We’ve always loved risotto. I’ve been making it since we were first married– it was a recipe from Bill Clinton’s White House, so that tells you how long ago that was. After we moved here in 1999, I made it again (and again and again) when I watched Jamie Oliver do it on his first series, “The Naked Chef.”

I’ve got the method down pat now. Gennaro Contaldo, the star of this video, does a good job of showing people how to best make risotto, if they’ve never done it before. Two of the unique things he did in his version of asparagus risotto were first to cut the asparagus into slivers, and then to take the tips and cut them in half vertically. Excellent tips, both.

This was a sure thing. Everyone loved it. At the end of the video, Gennaro takes a bite and says, “Yes! Yes! Yes!” I feel exactly the same way whenever I have risotto. Love it.

If you’d like to see the video yourself, it’s here:

“Asparagus Risotto” from “Jamie Oliver’s Food Tube”

“Triple Tomato Risotto” from “Mary Berry Cooks”

CBAMRisottoNicholas (10): What is this?

Maureen: Everybody’s favourite: Risotto! What do you think?

Andrew (14): I think the tomato is overpowering, and it takes away from the risotto taste.

Nicholas: I agree. It’s like there’s two tastes that both want attention, and neither is winning.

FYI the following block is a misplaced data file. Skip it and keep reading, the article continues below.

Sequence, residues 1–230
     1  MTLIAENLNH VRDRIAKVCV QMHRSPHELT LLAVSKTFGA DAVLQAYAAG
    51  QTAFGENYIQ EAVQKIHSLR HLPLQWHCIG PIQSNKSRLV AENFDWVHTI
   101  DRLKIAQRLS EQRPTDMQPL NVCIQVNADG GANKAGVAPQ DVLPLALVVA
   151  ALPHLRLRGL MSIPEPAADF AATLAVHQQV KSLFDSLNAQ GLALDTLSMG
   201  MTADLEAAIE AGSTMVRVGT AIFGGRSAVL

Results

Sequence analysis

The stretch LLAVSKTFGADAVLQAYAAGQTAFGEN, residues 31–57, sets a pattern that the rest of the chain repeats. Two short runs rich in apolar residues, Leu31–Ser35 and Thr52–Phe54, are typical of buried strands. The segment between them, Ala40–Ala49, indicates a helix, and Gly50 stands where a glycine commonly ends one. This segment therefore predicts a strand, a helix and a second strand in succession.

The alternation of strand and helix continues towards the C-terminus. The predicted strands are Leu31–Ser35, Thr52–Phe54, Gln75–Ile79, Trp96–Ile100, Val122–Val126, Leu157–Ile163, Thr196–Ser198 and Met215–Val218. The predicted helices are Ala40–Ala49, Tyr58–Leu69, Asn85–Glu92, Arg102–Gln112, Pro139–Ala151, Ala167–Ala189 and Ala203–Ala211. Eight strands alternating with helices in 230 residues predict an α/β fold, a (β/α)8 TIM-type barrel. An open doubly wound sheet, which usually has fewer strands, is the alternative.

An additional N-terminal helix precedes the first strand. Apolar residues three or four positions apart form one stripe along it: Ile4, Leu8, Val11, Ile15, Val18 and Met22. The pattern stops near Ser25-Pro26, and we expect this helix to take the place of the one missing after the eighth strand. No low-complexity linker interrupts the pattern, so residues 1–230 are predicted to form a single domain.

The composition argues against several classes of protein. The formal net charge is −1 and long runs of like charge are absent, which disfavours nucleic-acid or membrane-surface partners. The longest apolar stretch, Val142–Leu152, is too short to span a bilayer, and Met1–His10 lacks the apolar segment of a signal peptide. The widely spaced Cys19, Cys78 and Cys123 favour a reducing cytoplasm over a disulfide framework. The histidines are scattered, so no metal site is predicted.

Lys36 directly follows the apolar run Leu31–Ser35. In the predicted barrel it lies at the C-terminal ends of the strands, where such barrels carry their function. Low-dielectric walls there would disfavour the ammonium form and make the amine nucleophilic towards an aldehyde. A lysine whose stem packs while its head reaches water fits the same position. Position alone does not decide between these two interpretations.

Tim: I think it’s like a party in my mouth where I don’t know too many people.

Andrew: So it’s sort of awkward.

Nicholas: It sounds like a bad party to me.

Tim: Also, the creamy goodness of a typical risotto doesn’t come through.

Maureen: That’s because there’s no parmesan and butter to finish it off, like I usually do. Mary uses creme fraiche instead, which I think is a bit of a cheat.

Tim: Also, I think the tomatoes are too acidic and the peas don’t add anything.

Maureen: Yes. I am befuddled by the peas. Why add them at all if it’s called a triple tomato risotto? Also, it’s not just tomatoes that are in here, she also uses red peppers, not to mention the peas. I think calling it a garden vegetable risotto would be more accurate.

Tim: I think the peas were there to just add some contrast.

Maureen: So, not a winner then.

Andrew: No. Just make our usual risotto next time.

Maureen: Agreed.

“Triple Tomato Risotto” from “Mary Berry Cooks”

“Pea, Asparagus and Mint Risotto” from “Gino’s Italian Escape”

CBAMRisottoNicholas (10): Yeah! Risotto!